An Interview with Novell's Michele Hudnall
July 31, 2010
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In BSMdigest's exclusive interview, Michele Hudnall, Novell Solution Marketing Manager - BSM discusses the move from IT performance management to Business Service Management, and where integration fits in.

BSM: What specific Novell products do you manage?

MH: I manage the Business Service Management portfolio of products at Novell. We have a tool called Novell Operations Center that we use to deliver Business Service Management. Business Service Manager, Business Experience Manager, and Business Service Level Manager are all features of Novell Operations Center.

BSM: What does Novell Operations Center do?

MH: It is an integration engine - that is the easiest way to think of it. It sits on top of all the monitoring tools, because they have good metrics about the silo, but just need to be brought together with business data. Our solution accesses the data at its source and brings it into a real-time service model so the user can see the true service impact. The user can very easily see a multi-dimensional set of metrics to derive the relevance of events occurring as individual IT metrics.

BSM: Can you differentiate between SLAs that are meaningful to the business versus SLAs that would only have meaning to IT?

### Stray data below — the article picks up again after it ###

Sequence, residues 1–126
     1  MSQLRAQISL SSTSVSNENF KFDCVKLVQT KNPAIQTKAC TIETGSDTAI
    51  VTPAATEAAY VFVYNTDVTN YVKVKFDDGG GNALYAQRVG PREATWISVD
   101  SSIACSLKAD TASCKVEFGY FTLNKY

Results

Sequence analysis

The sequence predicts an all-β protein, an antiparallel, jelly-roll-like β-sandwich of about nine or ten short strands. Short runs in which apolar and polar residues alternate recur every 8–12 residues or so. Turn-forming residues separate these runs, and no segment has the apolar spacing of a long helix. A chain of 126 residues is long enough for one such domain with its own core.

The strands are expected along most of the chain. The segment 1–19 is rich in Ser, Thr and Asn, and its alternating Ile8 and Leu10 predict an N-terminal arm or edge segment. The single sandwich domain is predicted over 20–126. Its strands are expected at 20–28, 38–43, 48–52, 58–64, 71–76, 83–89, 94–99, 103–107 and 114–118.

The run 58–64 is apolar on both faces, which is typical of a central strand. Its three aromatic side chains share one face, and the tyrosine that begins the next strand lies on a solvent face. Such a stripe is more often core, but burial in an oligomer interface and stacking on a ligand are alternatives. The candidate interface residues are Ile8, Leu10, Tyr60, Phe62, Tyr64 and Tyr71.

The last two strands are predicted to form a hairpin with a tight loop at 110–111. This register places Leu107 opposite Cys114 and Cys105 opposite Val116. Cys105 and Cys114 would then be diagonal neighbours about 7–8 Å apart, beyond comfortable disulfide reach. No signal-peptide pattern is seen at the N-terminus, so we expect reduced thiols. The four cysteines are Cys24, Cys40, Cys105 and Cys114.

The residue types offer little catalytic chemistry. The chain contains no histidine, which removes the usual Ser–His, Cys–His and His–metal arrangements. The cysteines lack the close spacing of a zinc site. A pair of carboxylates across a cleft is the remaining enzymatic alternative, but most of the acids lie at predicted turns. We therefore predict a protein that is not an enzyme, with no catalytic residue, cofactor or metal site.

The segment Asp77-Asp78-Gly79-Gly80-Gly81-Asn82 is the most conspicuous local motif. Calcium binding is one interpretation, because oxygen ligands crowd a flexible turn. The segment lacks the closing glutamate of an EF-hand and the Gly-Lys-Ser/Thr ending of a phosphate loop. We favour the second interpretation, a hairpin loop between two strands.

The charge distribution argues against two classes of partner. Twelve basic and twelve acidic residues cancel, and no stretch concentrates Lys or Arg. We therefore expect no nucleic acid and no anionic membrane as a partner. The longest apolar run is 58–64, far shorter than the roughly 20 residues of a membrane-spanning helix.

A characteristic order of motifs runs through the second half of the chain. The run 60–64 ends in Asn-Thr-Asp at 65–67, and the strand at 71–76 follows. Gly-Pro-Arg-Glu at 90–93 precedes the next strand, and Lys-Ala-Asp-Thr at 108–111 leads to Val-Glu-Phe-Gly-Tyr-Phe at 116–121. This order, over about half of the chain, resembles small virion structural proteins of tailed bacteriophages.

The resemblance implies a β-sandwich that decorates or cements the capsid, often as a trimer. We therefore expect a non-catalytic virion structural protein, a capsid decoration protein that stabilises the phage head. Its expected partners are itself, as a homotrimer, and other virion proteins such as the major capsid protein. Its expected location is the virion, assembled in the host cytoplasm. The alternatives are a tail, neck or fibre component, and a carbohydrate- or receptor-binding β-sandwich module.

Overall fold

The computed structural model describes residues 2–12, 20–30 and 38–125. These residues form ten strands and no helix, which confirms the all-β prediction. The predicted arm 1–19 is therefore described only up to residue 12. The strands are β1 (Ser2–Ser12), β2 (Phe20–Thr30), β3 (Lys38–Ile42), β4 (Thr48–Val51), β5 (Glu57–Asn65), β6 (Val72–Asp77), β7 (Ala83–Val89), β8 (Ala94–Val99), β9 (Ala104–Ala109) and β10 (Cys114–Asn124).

MH: Meaningful SLAs include service levels for availability and performance of the overall service, not the individual components. Those service levels aggregate the components to see if the service was available and performing as expected.

Industry leaders will also measure the technology against growing revenue. Those are the more valuable SLAs to me. The after the fact reporting is like reporting on the score of the game. IT organizations should be illustrating what they are spending in terms of value. Are you driving revenue or just driving out cost? IT is pretty good at driving out costs, but to switch the thinking to using technology to be able to drive the top line is even better. When IT organizations can measure to that, and the SLA takes that into consideration, that is when they become more valuable SLAs - and Business Service Management tools provide the opportunity to do that.

BSM: Do you feel that most IT organizations understand the difference between IT performance management and Business Service Management?

MH: No. I don’t think they understand. Many IT organizations are still thinking in terms of technology silos and view BSM as discretionary or reporting. But I believe we’re in an interesting time with the growth of technology around cloud and virtualization. Technology organizations will come around to thinking of managing to a true service, to a true business impact.

BSM: Why do they still have technology silos? Is it about corporate politics and territorial attitudes?

MH: When you start talking about managing as a service, this needs to be done horizontally across the silos. It’s an organizational barrier, and maybe somewhat political, but making that link to services takes more of a business manager leader versus a technology leader.

BSM: Is that the solution then, to get a different perspective, to get a businessperson to manage the process of change?